Banks Test Swedish Government Threats as Dividend Surge Cleared
Sweden’s government said it won’t criticize banks for ladling out bigger cash rewards to shareholders while warning the industry to gird for tighter rules that will limit the scope for future dividends.
Banks “must understand that we will increase our demands when it comes to capital going forward” and “take that into account when they make forecasts for dividends,” Financial Markets Minister Peter Norman said in an interview in Stockholm after a speech yesterday. It’s “the shareholders’ privilege to decide how big dividends they want to pay,” he said.
The comments follow a plan by Nordea Bank AB (NDA), the Nordic region’s biggest lender, to almost double its dividend target and raise payouts by a third from the level paid for 2013. Doing so would match the 75 percent ratio at Swedbank AB, which is the Nordic region’s best-paying lender. Nordea Chairman Bjoern Wahlroos said in an April 7 interview dividends need to rise to prevent the bank sitting on too much capital.
Sweden’s government has railed against banks, whose assets at home and abroad are equivalent to four times the nation’s gross domestic product, for exposing the economy to risk. The industry’s size means banks need to meet stricter capital requirements than those set elsewhere, Finance Minister Anders Borg argues.
It’s “key that they cut their risk exposure and are careful and raise their capital,” Borg said yesterday.
Borg as recently as February criticized bank plans to raise dividends, arguing such a move would erode buffers he says are needed to protect taxpayers. Sweden’s four largest banks earlier this year proposed paying 66 percent of profits on average for 2013, which shareholders approved last month.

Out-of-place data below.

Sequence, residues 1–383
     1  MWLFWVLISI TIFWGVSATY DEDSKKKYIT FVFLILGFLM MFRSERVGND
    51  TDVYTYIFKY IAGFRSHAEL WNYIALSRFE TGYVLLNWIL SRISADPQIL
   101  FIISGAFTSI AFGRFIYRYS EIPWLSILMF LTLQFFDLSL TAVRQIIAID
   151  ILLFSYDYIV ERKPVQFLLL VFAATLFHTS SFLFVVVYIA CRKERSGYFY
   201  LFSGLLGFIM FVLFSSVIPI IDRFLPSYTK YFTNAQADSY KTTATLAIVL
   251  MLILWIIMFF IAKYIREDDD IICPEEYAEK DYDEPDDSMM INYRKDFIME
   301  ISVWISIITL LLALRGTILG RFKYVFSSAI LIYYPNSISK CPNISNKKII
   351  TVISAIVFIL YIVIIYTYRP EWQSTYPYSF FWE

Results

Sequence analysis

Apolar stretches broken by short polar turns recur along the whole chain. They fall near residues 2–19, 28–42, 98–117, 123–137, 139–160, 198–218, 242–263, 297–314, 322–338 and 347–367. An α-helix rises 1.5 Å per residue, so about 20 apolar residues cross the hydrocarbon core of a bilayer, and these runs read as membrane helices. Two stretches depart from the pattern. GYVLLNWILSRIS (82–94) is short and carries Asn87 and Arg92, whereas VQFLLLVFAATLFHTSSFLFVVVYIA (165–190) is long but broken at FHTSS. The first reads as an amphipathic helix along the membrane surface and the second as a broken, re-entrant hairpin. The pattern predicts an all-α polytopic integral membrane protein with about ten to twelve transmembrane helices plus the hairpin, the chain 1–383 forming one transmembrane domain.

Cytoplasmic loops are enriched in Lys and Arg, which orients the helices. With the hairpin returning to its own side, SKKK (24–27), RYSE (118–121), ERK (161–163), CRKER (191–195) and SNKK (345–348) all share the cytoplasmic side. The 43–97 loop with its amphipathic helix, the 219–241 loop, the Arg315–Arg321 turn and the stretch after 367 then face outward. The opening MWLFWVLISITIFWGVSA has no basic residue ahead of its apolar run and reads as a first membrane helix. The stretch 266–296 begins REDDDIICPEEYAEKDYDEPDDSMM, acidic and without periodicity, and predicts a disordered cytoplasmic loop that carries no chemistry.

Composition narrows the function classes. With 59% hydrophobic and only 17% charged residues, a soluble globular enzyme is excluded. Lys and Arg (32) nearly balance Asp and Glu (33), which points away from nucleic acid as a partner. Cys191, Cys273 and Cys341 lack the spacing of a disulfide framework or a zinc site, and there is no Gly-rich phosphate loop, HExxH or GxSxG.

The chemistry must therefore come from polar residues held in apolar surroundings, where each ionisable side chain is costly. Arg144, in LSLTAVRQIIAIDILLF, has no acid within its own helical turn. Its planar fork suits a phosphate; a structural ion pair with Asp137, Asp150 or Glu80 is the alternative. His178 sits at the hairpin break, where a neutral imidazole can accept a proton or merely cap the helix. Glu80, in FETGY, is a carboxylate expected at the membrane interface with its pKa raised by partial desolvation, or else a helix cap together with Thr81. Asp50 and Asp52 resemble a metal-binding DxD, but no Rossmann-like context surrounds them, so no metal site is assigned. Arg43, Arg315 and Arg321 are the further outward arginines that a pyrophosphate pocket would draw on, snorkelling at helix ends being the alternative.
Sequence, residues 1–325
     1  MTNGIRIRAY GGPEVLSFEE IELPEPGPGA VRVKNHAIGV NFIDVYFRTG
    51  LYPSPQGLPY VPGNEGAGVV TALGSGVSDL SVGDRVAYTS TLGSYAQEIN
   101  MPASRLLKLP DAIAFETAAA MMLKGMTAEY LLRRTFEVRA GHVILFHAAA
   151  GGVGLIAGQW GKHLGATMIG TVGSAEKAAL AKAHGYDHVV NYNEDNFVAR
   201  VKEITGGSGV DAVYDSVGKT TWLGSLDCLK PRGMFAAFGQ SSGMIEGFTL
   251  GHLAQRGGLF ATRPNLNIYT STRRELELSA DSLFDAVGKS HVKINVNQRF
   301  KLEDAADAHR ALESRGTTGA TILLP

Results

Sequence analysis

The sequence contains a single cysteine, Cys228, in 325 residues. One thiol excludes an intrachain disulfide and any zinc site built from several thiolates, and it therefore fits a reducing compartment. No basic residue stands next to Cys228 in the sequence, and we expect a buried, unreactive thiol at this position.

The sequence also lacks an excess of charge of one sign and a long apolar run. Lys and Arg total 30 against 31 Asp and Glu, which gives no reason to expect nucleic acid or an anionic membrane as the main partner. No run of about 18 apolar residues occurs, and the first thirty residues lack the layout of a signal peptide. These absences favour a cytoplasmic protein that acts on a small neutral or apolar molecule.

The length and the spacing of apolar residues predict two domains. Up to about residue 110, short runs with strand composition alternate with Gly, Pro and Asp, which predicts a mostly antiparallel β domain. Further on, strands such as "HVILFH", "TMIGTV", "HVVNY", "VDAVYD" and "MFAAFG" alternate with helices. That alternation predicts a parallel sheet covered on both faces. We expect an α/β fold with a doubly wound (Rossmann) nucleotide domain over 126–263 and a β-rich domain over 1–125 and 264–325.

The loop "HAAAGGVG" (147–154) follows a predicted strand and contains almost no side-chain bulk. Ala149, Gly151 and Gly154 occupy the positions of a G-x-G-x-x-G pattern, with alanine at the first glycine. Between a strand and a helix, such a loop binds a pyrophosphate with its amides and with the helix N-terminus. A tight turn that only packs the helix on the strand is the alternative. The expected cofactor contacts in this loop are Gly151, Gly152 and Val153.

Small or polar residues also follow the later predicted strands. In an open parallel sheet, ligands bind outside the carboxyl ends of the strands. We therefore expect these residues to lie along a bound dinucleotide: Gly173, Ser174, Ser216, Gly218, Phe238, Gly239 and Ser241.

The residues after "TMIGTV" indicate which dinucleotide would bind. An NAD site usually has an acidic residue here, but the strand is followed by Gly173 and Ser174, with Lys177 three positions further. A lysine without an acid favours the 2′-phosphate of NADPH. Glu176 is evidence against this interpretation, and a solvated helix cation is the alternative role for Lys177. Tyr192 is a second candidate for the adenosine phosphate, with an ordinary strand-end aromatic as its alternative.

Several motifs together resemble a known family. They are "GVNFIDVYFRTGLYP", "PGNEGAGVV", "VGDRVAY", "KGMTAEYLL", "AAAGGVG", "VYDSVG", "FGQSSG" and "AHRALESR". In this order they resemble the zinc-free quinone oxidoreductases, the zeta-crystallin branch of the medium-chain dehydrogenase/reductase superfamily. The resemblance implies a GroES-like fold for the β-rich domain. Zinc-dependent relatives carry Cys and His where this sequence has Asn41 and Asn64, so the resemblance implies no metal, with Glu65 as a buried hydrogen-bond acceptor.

“It’s a bit surprising that one chooses to go with larger dividends in a situation where we clearly have signaled that the banks need to have large core capital,” Borg said on Feb. 6. “We clearly will have to look over how to tighten our regulations to make them take their responsibilities with greater seriousness.”
Borg again warned banks on March 19 that banks face higher capital requirements as the government lays out a “road map” this spring. The country will continue to tighten bank rules over several years, Borg said. As long as banks claim they have enough capital, the government will keep raising requirements, he said.
Sweden’s largest banks already exceed a 12 percent core Tier 1 ratio of risk-weighted assets set for 2015, and argue they should be free to use excess capital to reward owners.
Nordea’s core Tier 1 ratio rose to 14.9 percent at the end of last year, excluding so-called transition rules. Swedbank AB (SWEDA)’s common equity Tier 1 ratio reached 18.3 percent under Basel III rules, while Svenska Handelsbanken AB (SHBA)’s was 18.9 percent. SEB had a common equity Tier 1 ratio of 15 percent.
Nordea paid out 56 percent of profit to its owners this year and has said it will raise its dividend payout target this year from a goal of distributing more than 40 percent of profit.
The 56 percent of profit Nordea delivered shareholders for 2013 “will not be sufficient to prevent an excessive increase in core Tier 1 capital,” Wahlroos said. Referring to the three-quarters of profit that Swedbank returned to its owners, Wahlroos said that “in the long term, it certainly now seems that we will be pushing towards those kinds of numbers.”
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